Why do paramedics have a high rate of self-referral?
Anna van der Gaag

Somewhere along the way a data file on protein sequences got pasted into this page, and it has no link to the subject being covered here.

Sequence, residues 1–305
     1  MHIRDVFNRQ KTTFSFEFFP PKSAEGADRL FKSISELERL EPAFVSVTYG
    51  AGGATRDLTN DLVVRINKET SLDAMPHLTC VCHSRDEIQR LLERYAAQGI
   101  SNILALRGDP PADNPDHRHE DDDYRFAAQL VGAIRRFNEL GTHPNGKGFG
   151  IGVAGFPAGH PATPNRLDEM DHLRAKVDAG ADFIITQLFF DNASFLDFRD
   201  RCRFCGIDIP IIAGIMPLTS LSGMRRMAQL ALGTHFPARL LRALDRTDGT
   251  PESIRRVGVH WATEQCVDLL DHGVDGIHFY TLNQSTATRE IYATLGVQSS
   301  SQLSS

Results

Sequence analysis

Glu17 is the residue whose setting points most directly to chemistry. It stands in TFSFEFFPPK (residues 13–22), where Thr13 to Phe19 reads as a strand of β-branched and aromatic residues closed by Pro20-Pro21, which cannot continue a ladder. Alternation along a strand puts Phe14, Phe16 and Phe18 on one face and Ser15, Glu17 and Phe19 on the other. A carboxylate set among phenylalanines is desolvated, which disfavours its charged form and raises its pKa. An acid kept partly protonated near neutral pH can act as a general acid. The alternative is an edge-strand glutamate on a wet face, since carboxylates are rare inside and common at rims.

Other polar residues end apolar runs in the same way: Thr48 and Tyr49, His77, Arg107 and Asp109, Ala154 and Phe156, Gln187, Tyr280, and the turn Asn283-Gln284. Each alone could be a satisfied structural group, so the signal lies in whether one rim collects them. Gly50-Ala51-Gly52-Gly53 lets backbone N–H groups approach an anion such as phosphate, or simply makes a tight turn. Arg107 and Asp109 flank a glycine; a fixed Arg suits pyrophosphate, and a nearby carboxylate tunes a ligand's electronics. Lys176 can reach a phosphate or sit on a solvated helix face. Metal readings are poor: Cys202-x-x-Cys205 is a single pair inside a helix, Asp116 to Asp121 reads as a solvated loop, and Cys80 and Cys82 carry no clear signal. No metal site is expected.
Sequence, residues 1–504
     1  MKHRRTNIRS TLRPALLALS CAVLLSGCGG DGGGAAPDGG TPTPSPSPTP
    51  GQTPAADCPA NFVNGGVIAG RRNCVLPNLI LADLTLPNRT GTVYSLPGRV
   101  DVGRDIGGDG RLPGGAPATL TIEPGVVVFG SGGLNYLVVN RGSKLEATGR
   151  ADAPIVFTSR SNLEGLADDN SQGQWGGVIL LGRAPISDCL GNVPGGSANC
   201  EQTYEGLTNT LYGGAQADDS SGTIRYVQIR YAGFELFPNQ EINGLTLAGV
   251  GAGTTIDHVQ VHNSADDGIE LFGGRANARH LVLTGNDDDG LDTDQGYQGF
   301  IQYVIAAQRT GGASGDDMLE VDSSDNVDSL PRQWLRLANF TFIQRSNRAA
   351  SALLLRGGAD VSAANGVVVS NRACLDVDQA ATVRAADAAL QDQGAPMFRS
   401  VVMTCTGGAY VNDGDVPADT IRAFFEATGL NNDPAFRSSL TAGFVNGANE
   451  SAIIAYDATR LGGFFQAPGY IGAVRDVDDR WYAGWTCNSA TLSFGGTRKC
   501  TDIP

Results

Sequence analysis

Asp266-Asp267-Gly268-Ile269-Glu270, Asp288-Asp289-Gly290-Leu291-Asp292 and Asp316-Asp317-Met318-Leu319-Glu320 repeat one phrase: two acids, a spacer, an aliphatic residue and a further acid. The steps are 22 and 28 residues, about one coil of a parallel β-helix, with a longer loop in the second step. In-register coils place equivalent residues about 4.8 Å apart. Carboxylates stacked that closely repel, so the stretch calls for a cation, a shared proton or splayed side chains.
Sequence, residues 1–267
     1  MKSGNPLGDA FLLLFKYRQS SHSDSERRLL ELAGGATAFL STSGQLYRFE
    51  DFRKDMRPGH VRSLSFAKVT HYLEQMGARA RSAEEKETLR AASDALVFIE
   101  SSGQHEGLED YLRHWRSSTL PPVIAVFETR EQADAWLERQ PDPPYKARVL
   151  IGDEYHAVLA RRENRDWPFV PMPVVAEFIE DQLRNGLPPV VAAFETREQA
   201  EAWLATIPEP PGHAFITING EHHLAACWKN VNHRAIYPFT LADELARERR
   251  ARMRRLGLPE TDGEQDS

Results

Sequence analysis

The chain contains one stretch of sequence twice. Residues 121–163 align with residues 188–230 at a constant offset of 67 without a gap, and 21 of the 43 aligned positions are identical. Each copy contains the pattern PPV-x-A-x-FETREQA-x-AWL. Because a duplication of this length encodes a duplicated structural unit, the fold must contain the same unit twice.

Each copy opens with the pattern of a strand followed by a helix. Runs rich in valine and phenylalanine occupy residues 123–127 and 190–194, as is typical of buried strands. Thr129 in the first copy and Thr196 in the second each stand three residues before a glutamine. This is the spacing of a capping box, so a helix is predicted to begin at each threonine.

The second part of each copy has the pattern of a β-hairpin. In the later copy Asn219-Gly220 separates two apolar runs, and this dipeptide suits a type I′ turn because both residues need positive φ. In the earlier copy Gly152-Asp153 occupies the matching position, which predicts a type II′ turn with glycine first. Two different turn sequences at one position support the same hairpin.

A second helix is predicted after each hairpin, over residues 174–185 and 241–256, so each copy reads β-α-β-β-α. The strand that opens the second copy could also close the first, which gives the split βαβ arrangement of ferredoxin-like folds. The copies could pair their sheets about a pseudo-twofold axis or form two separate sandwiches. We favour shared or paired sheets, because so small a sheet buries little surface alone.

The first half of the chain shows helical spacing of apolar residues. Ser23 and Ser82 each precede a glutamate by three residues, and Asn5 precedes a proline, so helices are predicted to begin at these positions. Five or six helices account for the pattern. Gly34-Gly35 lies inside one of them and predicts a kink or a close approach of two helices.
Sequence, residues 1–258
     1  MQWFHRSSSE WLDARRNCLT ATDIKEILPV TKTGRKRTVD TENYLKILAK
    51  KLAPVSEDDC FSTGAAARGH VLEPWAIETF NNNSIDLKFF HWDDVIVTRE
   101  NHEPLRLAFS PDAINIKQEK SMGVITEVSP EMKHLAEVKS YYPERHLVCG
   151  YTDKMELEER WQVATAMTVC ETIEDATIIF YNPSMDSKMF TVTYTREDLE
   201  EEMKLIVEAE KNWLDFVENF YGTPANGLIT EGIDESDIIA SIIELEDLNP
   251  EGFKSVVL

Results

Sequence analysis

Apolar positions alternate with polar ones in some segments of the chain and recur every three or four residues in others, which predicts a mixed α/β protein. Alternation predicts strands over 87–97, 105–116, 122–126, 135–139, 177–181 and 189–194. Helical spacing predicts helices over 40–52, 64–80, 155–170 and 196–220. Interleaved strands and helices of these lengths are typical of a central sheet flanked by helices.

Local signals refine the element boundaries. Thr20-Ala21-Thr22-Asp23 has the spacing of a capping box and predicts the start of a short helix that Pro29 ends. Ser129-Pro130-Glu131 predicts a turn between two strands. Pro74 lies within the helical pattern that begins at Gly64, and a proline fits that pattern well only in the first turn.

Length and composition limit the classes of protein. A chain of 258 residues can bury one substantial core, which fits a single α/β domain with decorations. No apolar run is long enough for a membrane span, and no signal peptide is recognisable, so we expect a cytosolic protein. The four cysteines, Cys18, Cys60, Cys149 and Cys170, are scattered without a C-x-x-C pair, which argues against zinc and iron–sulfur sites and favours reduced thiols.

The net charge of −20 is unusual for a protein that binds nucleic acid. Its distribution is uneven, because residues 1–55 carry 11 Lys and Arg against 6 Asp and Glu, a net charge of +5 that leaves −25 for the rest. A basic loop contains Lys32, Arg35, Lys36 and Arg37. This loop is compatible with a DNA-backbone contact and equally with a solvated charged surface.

Paramedics have been regulated in the UK since 2003. Analysis shows that the profession has had consistently higher rates of self-referral to its regulator compared with other health and care professions. Between 2013 and 2016, the percentage of paramedics who self-referred averaged 50% of all cases, compared with 6% across all other health professions regulated by the Health and Care Professions Council (HCPC) and 10% across social workers in England. This article reports on possible reasons underlying this trend. Using a mixed-methods approach including a literature review, interviews, focus groups and case analysis, the study identified a number of possible contributory factors. These included pressurised work environments, variable guidance and support from employers, and work cultures of fear and conflict. The evolving nature of the profession was also cited. The research found that there was a cohort of cases that appeared inappropriate—where the referral was for a matter that did not require reporting. Actions are being taken to reduce such self-referrals to avoid the emotional distress and resource implications for those involved.
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